Interview by Chloe Zilliac
UCLA postdoctoral researcher Joscha Beninde crouches among the tall grasses on Sage Hill Park on the UCLA campus, fishing pole in hand.
On lucky mornings, he spots the right lizard species — a western fence lizard, side-blotched lizard, or alligator lizard — right away. Keeping his hands steady, he casts a line with a small noose attached out into the grasses, slipping it gently over the lizard’s head. On unlucky mornings, however, he spends hours waiting for the right lizard to scamper by, only to leave empty-handed.
Beninde uses the study of landscape genetics to help plant and animal species survive and persist in Los Angeles. His research focuses on how the city’s built infrastructure— the concrete freeways, high rise buildings and urban sprawl — affect the health of several spider, butterfly, lizard and plant species.
“Knowing that these species are around now is cool, but will they still be around in 20 years, 30 years, 50 years from now?” Beninde said. “For that we need to know a little bit more about their genetics.”
How Genetics May Hold the Key to Species Survival
In order to understand the effects of city infrastructure on biodiversity, Beninde looks at the genetic relatedness of individuals and populations within the same species across different areas of the city. For example, he may compare DNA collected from lizard populations living on opposite sides of a freeway. If genes from the two populations are not closely related, it indicates that the freeway is preventing gene flow.
Gene flow, or the transfer of genetic diversity across populations, increases genetic diversity within species. Genetic diversity can help populations survive and adapt to changes in their environment, including threats posed by new diseases and climate change. Thus, a freeway that inhibits gene flow limits genetic diversity and makes the lizard species more vulnerable.
In order to identify broad genetic trends, Beninde must examine a huge number of plant and animal species from around Los Angeles — a collection of more than 4,000 samples to date. Partners like the National Park Service, the U.S. Geological Survey and the Natural History Museum of Los Angeles County have all contributed to his collection, but he has also spent many days in places like Laguna Beach, Malibu State Beach, and Compton, collecting samples himself.
Beninde’s research in L.A. builds on his work as a doctoral student in Germany, where he studied how urban infrastructure affects gene flow within a lizard species. The results of that analysis were surprising. Beninde expected to find that the city’s infrastructure significantly affected gene flow between lizard populations. Instead, he found that natural barriers—like rivers—are more significant. The results indicate that while human caused changes to environments are important, natural factors cannot be overlooked.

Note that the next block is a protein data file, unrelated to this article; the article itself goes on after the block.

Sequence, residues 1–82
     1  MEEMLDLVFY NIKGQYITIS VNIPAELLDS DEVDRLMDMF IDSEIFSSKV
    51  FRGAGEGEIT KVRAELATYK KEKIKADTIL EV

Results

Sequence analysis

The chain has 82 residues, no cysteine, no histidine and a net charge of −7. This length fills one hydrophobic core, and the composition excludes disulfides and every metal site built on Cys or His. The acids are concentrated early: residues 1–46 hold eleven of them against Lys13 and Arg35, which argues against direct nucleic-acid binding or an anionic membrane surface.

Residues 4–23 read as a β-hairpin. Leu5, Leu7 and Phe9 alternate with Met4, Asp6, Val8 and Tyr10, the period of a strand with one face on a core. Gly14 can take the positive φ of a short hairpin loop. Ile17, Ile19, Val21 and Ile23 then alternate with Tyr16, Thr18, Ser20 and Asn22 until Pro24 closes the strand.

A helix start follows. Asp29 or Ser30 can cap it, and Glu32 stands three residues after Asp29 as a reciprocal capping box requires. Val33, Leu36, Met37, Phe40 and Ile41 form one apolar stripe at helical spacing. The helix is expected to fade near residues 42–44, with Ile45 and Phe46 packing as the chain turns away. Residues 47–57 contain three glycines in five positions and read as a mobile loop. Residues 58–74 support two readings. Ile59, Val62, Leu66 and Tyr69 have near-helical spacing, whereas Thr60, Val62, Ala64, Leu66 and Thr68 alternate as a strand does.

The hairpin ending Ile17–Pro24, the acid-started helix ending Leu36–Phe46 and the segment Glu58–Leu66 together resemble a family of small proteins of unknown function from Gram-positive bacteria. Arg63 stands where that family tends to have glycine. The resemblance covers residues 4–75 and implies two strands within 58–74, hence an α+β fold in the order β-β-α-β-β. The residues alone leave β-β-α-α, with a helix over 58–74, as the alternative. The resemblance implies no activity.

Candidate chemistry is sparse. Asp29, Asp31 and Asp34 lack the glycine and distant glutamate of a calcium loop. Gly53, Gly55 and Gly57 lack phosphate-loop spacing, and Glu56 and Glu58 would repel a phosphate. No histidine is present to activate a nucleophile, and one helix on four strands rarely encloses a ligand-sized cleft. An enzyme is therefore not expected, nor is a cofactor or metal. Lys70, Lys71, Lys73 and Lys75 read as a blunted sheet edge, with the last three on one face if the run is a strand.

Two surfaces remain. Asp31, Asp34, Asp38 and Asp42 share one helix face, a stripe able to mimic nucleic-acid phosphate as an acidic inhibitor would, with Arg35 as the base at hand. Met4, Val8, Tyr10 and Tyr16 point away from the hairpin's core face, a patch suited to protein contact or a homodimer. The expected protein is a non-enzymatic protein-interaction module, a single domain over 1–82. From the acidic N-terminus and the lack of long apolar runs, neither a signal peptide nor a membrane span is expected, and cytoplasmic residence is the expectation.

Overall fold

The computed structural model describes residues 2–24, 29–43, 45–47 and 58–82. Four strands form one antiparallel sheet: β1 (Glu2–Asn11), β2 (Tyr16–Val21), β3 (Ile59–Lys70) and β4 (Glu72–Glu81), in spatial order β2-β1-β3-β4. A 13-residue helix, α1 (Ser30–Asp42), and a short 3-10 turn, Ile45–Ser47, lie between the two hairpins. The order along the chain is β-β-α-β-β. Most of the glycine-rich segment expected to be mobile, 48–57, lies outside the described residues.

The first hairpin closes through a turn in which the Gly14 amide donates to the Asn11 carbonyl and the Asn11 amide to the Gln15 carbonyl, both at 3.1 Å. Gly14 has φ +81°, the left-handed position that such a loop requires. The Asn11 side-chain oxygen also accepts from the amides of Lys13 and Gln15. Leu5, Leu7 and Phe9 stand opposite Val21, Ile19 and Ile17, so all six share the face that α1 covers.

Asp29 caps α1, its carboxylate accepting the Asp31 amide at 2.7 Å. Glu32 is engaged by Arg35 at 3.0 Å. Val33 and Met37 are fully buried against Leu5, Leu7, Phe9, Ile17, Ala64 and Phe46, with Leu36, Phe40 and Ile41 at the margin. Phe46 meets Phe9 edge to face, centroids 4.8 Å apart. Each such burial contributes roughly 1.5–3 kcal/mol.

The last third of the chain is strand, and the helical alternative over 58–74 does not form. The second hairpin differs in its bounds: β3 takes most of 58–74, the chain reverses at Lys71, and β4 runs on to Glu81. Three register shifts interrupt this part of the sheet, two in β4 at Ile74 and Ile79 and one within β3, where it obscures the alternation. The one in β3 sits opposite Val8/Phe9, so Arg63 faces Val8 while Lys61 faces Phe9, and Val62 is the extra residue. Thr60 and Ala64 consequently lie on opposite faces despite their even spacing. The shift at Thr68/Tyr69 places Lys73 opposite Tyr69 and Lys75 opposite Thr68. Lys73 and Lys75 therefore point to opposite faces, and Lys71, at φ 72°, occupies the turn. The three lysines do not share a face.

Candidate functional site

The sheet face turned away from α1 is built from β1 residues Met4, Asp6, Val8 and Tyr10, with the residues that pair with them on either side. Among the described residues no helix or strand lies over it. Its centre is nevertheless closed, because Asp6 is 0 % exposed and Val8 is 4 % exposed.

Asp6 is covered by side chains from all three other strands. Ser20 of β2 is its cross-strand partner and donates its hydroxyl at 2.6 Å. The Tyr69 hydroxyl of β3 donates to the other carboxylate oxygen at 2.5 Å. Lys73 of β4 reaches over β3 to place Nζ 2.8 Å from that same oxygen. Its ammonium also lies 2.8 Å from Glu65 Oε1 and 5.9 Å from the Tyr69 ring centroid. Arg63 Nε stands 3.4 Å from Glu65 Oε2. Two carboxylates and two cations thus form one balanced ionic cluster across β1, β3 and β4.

A Voice for a More “Holistic” Approach to Conservation
The results of landscape genetic research projects like Beninde’s will be important for protecting L.A. biodiversity as the climate changes and the region grows. L.A. is home to more than 4,000 unique native plant and animal species, qualifying the region as one of California’s many biodiversity hotspots. Conservation policies implemented in L.A. can serve as a model for cities worldwide.
Landscape genetic research can help scientists understand when conservation efforts are needed to protect a species, and which species are likely to be vulnerable to climate change. Beninde’s project, funded by UCLA’s Sustainable LA Grand Challenge and the German Science Foundation, is one of several species management projects on the UCLA campus.
As a voice in the conservation movement, Beninde said he hopes he can act as an advocate for a more holistic approach to conservation – one that takes into consideration a diverse set of interests, including development.
“Conservation efforts that don’t take into account how the work will affect the surrounding communities are less likely to succeed,” Beninde said. “I see myself as someone who can speak for nature and biodiversity, and help to translate those needs in an urban environment.”